Commercial Production of Black Soldier Flies |Preserving Harvested Larvae : The Life and Times of BSF (Black Soldier Flies)
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Commercial Production of Black Soldier Flies |Preserving Harvested Larvae

by Terry Green on 10/31/13

Scaling up production of BSF grown off of food scrap and agricultural wastes could provide an alternative source of high quality protein and lipid feedstock in reducing demand and consequently over fishing of Menhaden fish stocks off the Gulf Coast and Atlantic oceans  (see Black Soldier Fly Larvae | An Earth Friendly Feedstock?). BSF larvae efficiently assimilate nutrients in biodegradable wastes into insect biomass rich in high quality protein and lipids. Moreover, they are a proven animal feedstock (see Hermetia illucens). Approximately fifteen metric tons (MT) of food scrap fed to Black Soldier fly (BSF) larvae will yield on average about 1 MT of prepupae (see Black Soldier Flies & Recycling | Keeping Organic Leachates in Perspective). Commercial larval production in MT quantities is far in excess of what can be handled practically in backyard lots.  Without a means of stabilizing harvested larvae recovered on a commercial scale, the larvae raised off of food scrap and agricultural waste will rapidly putrefy rendering larvae harvested unmarketable. This blog describes how to produce sun-dried larvae using passive solar energy resulting in stabilized larvae storable on site and suitable for shipping without spoilage in anticipation of marketing commercially farmed larvae to animal feedstock formulators.

In Asia and in some areas along the Gulf Coast, shrimp and cuddle fish, harvested fresh from the sea, are hung up or spread out on concrete, sometimes wire screens, even wooden board platforms, and left to dry in the sun (see, for example, Some history about shrimp fishing and Images for History of Dried Squid). This method applied in drying BSF prepupae was tested as a means of preserving harvested larvae in a stabilized state suitable for storage and shipping.

Figure 1 shows the appearance of BSF prepupae before and after passive drying in the sun using this technique. Prepupae were spread out in large plastic trays built with edges designed to block larvae from escaping from the trays while drying in layers of approximately 1 to 2 cm deep, and covered with mosquito netting  to keep predators (birds, spiders, frogs, rodents, etc.) out of the drying trays.


Figure 1. Images of BSF prepupae harvested from food scrap before (Fig. 1(a)) and following (Fig. 1(b)) drying of the larvae passively in the sun. The moisture content was reduced by ~60% as in Figure 2. Figure 1(b) is an image taken 3 months after the larvae were dried and stored in plastic bags at room temperature (~21 C) in the dark. Copyright (c) 2013 Terry Green, All rights reserved.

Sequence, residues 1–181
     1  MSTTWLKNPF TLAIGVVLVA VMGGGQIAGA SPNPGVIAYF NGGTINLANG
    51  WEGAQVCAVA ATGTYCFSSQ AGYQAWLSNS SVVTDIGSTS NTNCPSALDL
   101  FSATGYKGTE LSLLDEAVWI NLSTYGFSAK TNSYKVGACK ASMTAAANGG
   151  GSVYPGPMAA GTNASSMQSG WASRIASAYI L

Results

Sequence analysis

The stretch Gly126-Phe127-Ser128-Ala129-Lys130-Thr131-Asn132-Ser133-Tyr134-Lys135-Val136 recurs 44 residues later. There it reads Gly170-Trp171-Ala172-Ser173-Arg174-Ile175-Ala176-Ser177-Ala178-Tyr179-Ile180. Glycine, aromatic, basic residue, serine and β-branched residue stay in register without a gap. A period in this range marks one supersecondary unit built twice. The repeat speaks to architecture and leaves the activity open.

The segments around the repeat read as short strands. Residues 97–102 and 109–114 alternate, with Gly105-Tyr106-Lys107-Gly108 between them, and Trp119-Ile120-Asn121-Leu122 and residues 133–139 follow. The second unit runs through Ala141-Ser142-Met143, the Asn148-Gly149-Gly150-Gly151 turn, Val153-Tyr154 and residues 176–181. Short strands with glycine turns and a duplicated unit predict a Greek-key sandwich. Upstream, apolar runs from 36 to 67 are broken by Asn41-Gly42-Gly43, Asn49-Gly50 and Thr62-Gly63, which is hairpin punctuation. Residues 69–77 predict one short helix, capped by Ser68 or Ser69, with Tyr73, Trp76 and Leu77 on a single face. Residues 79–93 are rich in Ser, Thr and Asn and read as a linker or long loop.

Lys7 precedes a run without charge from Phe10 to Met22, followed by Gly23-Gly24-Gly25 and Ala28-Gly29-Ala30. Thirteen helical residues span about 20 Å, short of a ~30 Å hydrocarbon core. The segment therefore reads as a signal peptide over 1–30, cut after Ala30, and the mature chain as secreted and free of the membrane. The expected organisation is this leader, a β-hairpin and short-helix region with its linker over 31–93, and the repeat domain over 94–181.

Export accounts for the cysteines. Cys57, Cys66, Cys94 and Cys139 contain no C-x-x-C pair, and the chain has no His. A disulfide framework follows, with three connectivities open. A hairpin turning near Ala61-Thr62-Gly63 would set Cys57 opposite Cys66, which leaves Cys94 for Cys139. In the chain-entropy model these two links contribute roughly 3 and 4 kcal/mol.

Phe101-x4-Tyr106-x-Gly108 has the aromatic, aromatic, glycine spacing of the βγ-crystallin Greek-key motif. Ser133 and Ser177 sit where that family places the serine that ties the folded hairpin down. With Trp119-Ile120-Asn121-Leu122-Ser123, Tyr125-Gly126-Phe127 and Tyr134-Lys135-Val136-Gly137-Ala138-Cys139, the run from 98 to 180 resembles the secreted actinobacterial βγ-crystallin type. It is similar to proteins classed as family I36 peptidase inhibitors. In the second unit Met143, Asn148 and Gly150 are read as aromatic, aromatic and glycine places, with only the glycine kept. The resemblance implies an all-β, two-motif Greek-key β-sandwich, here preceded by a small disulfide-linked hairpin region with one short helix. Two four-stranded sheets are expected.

Blocking shields placed around the perimeter of the drying trays were necessary. Without blocking shields prepupae quickly seek escape from the sun based upon their intrinsic photophobic nature, but also in response to the rising temperature generated as the sun warms up the drying trays.

The technique appears fundamentally sound and practical. Spreading larvae on clean concrete slabs lined with blocking shields was also effective and may even in the long run prove simpler. Concrete absorbed considerable energy from the sun during the day which radiated off of the concrete as heat and helped accelerate drying of the larvae.

Figure 2 shows the progressive loss of water tracked in approximately six hour intervals following the loss in larval mass while test samples placed in plastic trays were exposed to the sun. Temperatures inside the drying trays reached levels in the range ~ 65 to 75° C (~149 - 167° F) at mid-day.

Figure 2. Loss of water measured by weight loss of Black Soldier fly prepupae harvested from food scrap waste after placing the larvae in plastic drying trays. Measurements were made at approximately 6 hour intervals. Overall loss of water was ~60% of the starting content. Copyright 2013(c) Terry Green, All rights reserved.

Prepupae were moved indoors to guard against moisture condensation in the evening, and brought outside into the sun the following day. It took approximately 3 days of continuous exposure to direct sunlight to drive off all of the moisture (prepupae residual weight, ~40% of the starting weight). Harvested prepupae dried in this manner (Fig. 1(b)) showed no signs of deterioration even stored at room temperature in the dark after three months of storage.

While there are many modern drying techniques available in the food industry including convection, forced air and freeze drying technologies which may likewise work well in processing BSF larvae, dewatering in general requires the input of significant energy and is expensive. Our interest in exploring the drying potential of solar power as an option in preserving BSF larvae is principally based upon keeping the cost of building and operating a large scale production facility as low tech and least costly as practical.

In time, once markets are in place and income streams stabilize marketing BSF products produced off of food scrap and agricultural wastes, it may become economically practical to invest in alternate drying technologies which would likely lead to shorter drying times. Nevertheless, our results show that BSF larvae can be dried efficiently outdoors in the sun.

In these tests we chose to dry the larvae in situ in keeping with pursuing the least complicated and straightforward method of obtaining a final stable product. In feeding trials, we observed chickens quickly devoured the dried larvae without hesitancy and with no observable adverse effects. Larvae dried in this manner feel and have a weight and texture similar to that of dried sunflower or pumpkin seeds.

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